Two items relevant to long COVID

One of the tricky issues in studying in long COVID is: how widely do researchers cast their net? Initial reports acknowledged that people who were hospitalized and in intensive care may take a while to get back on their feet. But the number of people who had SARS-CoV-2 infections and were NOT hospitalized, yet experienced lingering symptoms, may be greater. A recent report from the United Kingdom, published in PLOS Medicine, studied more than Read more

All your environmental chemicals belong in the exposome

Emory team wanted to develop a standard low-volume approach that would avoid multiple processing steps, which can lead to loss of material, variable recovery, and the potential for Read more

Signature of success for an HIV vaccine?

Efforts to produce a vaccine against HIV/AIDS have been sustained for more than a decade by a single, modest success: the RV144 clinical trial in Thailand, whose results were reported in 2009. Now Emory, Harvard and Case Western Reserve scientists have identified a gene activity signature that may explain why the vaccine regimen in the RV144 study was protective in some individuals, while other HIV vaccine studies were not successful. The researchers think that this signature, Read more

enriched environment

Many colors in the epigenetic palette

Methylation, an epigenetic modification to DNA, can be thought of as a highlighting pen applied to DNA’s text, adding information but not changing the actual letters of the text.

Are you still with me on the metaphors? If so, consider this wrinkle. (If not, more explanation here.)

Emory geneticist Peng Jin and his colleagues have been a key part of the discovery in the last few years that methylation comes in several colors. His lab has been mapping where 5-hydroxymethylcytosine or 5hmC appears in the genome and inferring how it functions. 5-hmC is particularly abundant in the brain.D5405-2

Methylation, in the form of 5-methylcytosine or 5mC, is both a control button for turning genes off and a sign of their off state. 5hmC looks like 5mC, except it has an extra oxygen. That could be a tag for a removal, or a signal that a gene is poised to be turned on.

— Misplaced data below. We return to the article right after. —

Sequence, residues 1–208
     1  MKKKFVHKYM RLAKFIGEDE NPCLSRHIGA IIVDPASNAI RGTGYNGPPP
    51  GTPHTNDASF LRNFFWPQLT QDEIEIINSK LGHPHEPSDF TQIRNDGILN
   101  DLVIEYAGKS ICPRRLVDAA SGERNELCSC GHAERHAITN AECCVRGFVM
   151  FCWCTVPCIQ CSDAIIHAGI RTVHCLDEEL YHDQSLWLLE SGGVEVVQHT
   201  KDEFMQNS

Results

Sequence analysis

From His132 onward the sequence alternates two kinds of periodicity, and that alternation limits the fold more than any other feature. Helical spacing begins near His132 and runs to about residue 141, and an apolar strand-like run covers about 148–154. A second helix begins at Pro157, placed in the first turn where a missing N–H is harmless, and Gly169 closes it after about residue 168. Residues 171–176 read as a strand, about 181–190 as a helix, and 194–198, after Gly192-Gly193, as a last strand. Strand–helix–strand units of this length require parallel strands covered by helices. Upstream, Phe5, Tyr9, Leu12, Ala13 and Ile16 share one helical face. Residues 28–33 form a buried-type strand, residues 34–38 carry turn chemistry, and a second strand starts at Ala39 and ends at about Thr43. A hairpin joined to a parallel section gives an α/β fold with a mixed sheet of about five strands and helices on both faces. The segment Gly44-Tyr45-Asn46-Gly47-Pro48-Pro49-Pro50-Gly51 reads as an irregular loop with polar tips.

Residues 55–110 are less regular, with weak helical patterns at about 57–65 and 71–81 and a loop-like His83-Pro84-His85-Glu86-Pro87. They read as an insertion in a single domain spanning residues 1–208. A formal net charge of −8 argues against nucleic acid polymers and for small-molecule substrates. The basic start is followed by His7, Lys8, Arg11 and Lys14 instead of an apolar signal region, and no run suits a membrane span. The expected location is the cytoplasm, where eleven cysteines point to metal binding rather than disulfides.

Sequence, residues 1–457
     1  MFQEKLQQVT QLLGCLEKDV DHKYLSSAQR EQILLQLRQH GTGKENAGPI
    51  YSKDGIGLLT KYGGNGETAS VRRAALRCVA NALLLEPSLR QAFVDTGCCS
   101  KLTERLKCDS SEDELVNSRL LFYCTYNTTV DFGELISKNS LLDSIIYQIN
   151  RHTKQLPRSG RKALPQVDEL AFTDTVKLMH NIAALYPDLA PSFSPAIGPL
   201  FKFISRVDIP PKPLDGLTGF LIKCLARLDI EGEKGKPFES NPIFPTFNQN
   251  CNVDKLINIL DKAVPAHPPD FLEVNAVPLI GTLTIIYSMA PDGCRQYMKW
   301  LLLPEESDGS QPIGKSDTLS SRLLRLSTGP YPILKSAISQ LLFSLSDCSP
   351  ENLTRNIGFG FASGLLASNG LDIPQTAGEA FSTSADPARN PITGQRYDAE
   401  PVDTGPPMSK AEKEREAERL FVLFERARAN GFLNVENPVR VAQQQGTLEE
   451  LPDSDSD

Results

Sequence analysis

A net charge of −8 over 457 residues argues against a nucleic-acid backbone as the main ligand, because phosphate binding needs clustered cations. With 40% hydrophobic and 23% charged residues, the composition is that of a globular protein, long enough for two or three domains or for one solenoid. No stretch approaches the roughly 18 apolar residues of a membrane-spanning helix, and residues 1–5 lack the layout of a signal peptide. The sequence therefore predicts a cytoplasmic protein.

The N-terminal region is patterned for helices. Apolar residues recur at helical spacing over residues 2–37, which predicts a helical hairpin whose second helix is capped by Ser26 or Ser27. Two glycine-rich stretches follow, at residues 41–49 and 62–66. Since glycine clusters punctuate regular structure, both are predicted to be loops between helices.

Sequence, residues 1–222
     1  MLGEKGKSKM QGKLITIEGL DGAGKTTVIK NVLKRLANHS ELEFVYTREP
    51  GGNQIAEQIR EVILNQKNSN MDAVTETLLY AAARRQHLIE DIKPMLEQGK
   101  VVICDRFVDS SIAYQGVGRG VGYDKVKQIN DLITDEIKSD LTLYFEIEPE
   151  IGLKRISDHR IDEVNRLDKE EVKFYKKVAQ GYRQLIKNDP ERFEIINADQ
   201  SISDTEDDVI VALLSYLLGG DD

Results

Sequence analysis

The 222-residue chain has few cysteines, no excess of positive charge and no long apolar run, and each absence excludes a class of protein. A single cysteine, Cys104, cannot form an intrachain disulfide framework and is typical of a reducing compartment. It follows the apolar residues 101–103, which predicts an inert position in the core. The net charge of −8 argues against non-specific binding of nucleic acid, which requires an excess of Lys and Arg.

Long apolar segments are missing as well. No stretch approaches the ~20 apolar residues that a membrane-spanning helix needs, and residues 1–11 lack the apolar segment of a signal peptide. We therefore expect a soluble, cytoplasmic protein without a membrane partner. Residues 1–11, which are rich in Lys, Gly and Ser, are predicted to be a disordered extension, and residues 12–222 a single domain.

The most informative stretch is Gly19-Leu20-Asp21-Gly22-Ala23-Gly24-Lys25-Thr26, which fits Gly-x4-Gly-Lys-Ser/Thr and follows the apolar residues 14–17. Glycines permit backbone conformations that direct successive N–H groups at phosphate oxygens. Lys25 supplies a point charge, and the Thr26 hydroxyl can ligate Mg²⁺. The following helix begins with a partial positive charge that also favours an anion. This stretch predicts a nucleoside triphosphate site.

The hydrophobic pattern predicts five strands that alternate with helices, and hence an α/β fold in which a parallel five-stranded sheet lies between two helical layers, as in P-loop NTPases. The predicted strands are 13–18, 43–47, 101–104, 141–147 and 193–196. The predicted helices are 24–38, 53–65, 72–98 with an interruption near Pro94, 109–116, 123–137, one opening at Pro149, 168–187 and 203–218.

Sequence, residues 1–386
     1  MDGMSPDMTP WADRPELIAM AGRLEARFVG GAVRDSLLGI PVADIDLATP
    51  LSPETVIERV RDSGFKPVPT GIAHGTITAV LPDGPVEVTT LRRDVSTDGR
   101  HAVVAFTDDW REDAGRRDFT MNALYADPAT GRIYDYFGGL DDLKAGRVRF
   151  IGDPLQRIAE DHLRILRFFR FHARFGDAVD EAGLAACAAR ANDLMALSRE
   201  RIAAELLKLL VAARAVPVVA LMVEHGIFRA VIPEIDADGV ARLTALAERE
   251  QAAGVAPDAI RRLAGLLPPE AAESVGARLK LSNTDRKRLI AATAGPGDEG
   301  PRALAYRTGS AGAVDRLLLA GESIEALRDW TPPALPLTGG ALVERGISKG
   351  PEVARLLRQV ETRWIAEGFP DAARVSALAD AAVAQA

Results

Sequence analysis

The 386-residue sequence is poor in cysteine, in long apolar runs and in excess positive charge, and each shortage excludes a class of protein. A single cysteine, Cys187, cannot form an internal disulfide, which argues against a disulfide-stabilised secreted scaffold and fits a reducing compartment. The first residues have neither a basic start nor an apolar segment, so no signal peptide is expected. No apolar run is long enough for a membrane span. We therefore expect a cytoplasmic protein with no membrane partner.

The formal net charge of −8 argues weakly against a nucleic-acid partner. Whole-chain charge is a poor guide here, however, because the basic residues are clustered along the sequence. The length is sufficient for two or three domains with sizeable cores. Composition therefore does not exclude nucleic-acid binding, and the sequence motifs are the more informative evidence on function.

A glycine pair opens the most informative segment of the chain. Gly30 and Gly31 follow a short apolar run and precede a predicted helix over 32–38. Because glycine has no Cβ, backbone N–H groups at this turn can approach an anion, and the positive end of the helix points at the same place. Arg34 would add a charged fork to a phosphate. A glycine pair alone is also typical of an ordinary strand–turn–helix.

Two recent papers on this topic:

Please recall that an enriched environment (exercise and mental stimulation) is good for learning and memory, for young and old. In the journal Genomics, Jin and his team show that exposing mice to an enriched environment  — a running wheel and a variety of toys — leads to a 60 percent reduction in 5hmC in the hippocampus, a region of the brain critical for learning and memory.  The changes in 5hmC were concentrated in genes having to do with axon guidance. Hat tip to the all-things-epigenetic site Epigenie.

In Genes and Development, structural biologist Xiaodong Cheng and colleagues demonstrate that two regulatory proteins that bind DNA (Egr1 and WT1) respond primarily to oxidation of their target sequences rather than methylation. These proteins like plain old C and 5mC equally, but they don’t like 5hmC or other oxidized forms of 5mC. “Gene activity could plausibly be controlled on a much finer scale by these modifications than simply ‘on or ‘off’,” the authors write.

Posted on by Quinn Eastman in Neuro Leave a comment